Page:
The documented presence of asbestos fibers in water supplies and food products has fostered concerns about the possible impact of long-term and, as yet, unknown exposure of the general population to these fibers.[24]

Exposure to talc is also a risk factor for mesothelioma; exposure can affect those who live near talc mines, work in talc mines, or work in talc mills.[25]

In the United States, asbestos is considered the major cause of malignant mesothelioma[26] and has been considered "indisputably"[27] associated with the development of mesothelioma. Indeed, the relationship between asbestos and mesothelioma is so strong that many consider mesothelioma a “signal” or “sentinel” tumor.[28][29][30][31] A history of asbestos exposure exists in most cases.

Pericardial mesothelioma may not be associated with asbestos exposure.[10]

Asbestos was known in antiquity, but it was not mined and widely used commercially until the late 19th century. Its use greatly increased during World War II. Since the early 1940s, millions of American workers have been exposed to asbestos dust. Initially, the risks associated with asbestos exposure were not publicly known. However, an increased risk of developing mesothelioma was later found among naval personnel (e.g., Navy, Marine Corps, and Coast Guard), shipyard workers, people who work in asbestos mines and mills, producers of asbestos products, 

workers in the heating and construction industries, and other tradespeople. Today, the official position of the U.S. Occupational Safety and Health Administration (OSHA) and the U.S. EPA is that protections and "permissible exposure limits" required by U.S. regulations, while adequate to prevent most asbestos-related non-malignant disease, are not adequate to prevent or protect against asbestos-related cancers such as mesothelioma.[32] Likewise, the British Government's Health and Safety Executive (HSE) states formally that any threshold for exposure to asbestos must be at a very low level and it is widely agreed that if any such threshold does exist at all, then it cannot currently be quantified. For practical purposes, therefore, HSE assumes that no such "safe" threshold exists. Others have noted as well that there is no evidence of a threshold level below which there is no risk of mesothelioma.[33] There appears to be a linear, dose–response relationship, with increasing dose producing increasing risk of disease.[34] Nevertheless, mesothelioma may be related to brief, low level or indirect exposures to asbestos.[27] The dose necessary for effect appears to be lower for asbestos-induced mesothelioma than for pulmonary asbestosis or lung cancer.[27] Again, there is no known safe level of exposure to asbestos as it relates to increased risk of mesothelioma.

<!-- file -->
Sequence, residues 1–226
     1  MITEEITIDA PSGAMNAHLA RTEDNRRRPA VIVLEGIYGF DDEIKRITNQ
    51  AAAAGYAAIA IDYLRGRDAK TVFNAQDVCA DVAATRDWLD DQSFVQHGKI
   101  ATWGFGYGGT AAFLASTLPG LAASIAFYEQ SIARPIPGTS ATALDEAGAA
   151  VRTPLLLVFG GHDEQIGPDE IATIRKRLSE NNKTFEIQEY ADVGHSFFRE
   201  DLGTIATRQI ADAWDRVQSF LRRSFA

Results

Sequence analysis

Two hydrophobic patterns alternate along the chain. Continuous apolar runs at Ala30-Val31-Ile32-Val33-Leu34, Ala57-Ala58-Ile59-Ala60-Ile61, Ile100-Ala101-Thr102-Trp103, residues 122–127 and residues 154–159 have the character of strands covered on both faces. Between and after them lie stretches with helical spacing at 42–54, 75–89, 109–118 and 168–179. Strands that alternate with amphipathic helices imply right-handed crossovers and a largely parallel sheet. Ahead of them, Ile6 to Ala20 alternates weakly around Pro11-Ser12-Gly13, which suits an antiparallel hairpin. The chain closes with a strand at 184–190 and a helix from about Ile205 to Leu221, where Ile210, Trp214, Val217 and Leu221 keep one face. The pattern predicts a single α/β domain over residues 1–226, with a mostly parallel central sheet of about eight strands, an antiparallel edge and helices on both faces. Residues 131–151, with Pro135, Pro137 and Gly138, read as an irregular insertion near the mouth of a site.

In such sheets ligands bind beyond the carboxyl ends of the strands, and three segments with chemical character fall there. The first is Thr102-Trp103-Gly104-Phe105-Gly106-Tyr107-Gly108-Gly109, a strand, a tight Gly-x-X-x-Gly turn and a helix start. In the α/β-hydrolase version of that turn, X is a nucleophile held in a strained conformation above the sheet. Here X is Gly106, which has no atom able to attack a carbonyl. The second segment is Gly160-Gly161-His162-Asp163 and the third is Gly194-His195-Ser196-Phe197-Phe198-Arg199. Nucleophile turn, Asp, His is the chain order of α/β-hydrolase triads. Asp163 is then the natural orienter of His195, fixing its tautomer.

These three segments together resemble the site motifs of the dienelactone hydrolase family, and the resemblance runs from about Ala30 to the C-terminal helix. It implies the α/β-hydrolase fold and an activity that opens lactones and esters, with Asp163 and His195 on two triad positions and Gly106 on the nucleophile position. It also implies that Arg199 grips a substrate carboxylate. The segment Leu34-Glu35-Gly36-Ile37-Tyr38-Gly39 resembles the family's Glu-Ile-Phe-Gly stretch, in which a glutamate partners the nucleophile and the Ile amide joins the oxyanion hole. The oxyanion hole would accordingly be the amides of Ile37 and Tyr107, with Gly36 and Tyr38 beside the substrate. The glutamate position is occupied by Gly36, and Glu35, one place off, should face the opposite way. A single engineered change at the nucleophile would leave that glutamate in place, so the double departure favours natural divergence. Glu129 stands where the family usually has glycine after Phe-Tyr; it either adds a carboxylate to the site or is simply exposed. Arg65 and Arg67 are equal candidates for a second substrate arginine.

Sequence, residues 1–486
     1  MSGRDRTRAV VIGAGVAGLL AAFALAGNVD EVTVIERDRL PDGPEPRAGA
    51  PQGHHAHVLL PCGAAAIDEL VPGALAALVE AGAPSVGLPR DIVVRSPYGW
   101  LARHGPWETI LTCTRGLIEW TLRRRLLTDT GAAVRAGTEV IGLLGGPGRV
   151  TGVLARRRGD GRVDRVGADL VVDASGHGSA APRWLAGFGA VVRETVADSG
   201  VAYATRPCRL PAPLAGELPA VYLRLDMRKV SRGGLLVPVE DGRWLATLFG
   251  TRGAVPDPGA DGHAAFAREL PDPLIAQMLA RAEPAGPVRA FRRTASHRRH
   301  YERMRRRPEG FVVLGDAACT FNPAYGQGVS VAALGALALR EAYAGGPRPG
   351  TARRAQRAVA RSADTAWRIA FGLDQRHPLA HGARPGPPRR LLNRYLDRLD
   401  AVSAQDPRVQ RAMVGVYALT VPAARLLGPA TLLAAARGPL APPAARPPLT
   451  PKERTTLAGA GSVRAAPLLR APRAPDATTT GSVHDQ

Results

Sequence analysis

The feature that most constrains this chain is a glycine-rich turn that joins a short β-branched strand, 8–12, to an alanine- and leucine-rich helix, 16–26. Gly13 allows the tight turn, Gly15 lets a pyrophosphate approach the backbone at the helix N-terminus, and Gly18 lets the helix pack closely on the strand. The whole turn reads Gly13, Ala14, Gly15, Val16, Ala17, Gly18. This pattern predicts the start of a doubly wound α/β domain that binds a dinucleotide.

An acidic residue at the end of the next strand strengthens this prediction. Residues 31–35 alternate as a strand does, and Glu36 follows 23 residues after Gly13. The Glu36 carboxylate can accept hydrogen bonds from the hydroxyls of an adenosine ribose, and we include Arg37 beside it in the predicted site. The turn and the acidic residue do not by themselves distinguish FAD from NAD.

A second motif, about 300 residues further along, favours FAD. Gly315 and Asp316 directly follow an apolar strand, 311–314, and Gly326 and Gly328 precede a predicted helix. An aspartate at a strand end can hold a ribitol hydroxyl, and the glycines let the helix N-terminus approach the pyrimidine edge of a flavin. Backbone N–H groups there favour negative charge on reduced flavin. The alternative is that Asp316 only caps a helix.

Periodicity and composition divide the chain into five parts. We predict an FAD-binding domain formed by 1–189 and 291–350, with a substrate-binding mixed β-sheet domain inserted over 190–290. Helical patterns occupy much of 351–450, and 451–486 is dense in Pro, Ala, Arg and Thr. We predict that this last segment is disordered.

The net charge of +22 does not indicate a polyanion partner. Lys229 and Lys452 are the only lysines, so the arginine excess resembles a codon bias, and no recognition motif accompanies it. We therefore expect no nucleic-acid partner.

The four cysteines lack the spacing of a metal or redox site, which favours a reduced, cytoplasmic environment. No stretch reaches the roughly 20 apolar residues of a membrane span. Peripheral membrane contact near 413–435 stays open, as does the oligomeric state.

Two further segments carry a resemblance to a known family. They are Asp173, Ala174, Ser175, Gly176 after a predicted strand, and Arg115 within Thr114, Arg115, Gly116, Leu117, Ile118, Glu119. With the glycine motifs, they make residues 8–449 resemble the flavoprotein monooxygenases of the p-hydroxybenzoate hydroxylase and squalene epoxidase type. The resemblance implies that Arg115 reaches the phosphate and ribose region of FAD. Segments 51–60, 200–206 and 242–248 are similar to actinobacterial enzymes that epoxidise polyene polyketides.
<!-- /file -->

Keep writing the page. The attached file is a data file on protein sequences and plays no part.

The time from first exposure to onset of the disease, is between 25 and 70 years.[35] It is virtually never less than fifteen years and peaks at 30–40 years.[27][36] The duration of exposure to asbestos causing mesothelioma can be short. For example, cases of mesothelioma have been documented with only 1–3 months of exposure

[Updated] Gcert STD 7 Textbook Download 2020